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Labour Market Prospects for the Métis in the Canadian Mining Industry

Listed author(s):
  • Evan Capeluck


  • Andrew Sharpe
Registered author(s):

    The objective of this report is to review the prospects for Métis employment in the mining industry brought upon by a looming wave of retirements; to determine potential barriers to Métis employment in the mining industry; and to identify actions and strategies that the Métis National Council (MNC) and Métis Aboriginal Skills and Employment Training Strategy (ASETS) agreement holders should adopt to take advantage of and overcome obstacles to employment opportunities in the mining industry. The Canadian mining industry accounted for somewhere between two and five per cent of nominal GDP in Canada – depending on which definition of the mining industry is used – in 2008. This industry, concentrated in rural and remote locations, represents an important potentialsource of employment for the comparatively large youthful and rural Métis population entering the labour market in the coming decades. The mining industry has unique locational dynamics and hiring practices, a highly productive and experienced but aging work force, and growth prospects that are heavily reliant on global demand. Skilled workers are needed to replace the mining industry’s soon-to-be-retired baby boomers and to replace other workers leaving the industry. The Métis have unique demographic characteristics, which could create competitive advantages for employment in the mining industry; however, they are at risk of being unable to take advantage of the upcoming job openings if they cannot meet the educational requirements for employment in that industry.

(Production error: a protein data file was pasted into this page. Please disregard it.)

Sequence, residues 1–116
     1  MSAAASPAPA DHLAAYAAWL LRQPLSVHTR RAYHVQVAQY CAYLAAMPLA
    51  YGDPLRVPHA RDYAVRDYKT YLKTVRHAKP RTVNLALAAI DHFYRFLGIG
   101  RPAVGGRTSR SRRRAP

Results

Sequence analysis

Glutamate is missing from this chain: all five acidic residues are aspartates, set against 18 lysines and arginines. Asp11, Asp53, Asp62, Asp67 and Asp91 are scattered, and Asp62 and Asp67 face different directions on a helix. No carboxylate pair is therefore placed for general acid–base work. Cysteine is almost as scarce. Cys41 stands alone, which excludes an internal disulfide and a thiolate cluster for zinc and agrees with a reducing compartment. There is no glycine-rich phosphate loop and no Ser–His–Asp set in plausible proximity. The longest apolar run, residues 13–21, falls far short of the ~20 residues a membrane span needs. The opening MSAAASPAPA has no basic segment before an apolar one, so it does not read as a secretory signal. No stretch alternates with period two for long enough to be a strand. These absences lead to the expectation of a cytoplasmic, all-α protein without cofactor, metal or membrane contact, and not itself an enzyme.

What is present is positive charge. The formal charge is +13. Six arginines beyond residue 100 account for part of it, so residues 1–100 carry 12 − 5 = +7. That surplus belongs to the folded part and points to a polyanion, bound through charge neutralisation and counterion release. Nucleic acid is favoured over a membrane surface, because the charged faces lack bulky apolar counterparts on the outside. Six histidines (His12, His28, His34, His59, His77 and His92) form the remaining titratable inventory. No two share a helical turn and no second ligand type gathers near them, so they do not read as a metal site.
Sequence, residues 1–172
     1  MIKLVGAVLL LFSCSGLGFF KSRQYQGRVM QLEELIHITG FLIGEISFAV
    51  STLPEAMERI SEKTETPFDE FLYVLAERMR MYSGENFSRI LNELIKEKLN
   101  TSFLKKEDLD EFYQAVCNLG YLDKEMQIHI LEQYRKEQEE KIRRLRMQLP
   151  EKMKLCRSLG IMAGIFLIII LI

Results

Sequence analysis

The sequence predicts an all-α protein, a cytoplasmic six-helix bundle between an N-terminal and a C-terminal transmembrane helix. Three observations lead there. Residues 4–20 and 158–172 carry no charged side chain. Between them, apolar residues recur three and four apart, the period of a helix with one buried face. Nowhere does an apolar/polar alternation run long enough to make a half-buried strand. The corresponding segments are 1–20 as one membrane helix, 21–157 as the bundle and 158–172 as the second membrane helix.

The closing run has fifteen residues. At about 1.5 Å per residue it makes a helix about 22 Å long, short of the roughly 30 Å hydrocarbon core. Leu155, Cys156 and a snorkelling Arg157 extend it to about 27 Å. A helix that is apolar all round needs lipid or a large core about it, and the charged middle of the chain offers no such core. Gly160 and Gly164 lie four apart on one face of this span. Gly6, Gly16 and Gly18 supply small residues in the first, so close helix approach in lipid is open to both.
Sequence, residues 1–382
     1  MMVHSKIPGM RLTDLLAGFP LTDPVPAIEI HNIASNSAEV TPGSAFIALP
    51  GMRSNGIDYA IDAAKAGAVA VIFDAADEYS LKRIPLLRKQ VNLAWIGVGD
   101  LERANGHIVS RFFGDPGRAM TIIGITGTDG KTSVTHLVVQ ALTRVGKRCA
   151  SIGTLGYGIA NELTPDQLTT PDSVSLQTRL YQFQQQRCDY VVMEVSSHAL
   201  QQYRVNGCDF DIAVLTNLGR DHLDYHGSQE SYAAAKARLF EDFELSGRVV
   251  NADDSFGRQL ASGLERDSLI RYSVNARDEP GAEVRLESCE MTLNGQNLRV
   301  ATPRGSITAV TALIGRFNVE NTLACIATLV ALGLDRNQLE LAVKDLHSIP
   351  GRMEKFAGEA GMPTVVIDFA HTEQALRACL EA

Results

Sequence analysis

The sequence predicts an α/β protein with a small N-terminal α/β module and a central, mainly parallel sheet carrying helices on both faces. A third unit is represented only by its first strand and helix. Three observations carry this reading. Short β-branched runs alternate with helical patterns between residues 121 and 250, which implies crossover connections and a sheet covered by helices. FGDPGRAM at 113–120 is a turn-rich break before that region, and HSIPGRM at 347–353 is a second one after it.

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    Paper provided by Centre for the Study of Living Standards in its series CSLS Research Reports with number 2013-02.

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    Date of creation: May 2013
    Handle: RePEc:sls:resrep:1304
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    1. Andrew Sharpe & Simon Lapointe, 2011. "The Labour Market and Economic Performance of Canada’s First Nations Reserves: The Effect of Educational Attainment and Remoteness," CSLS Research Reports 2011-05, Centre for the Study of Living Standards.
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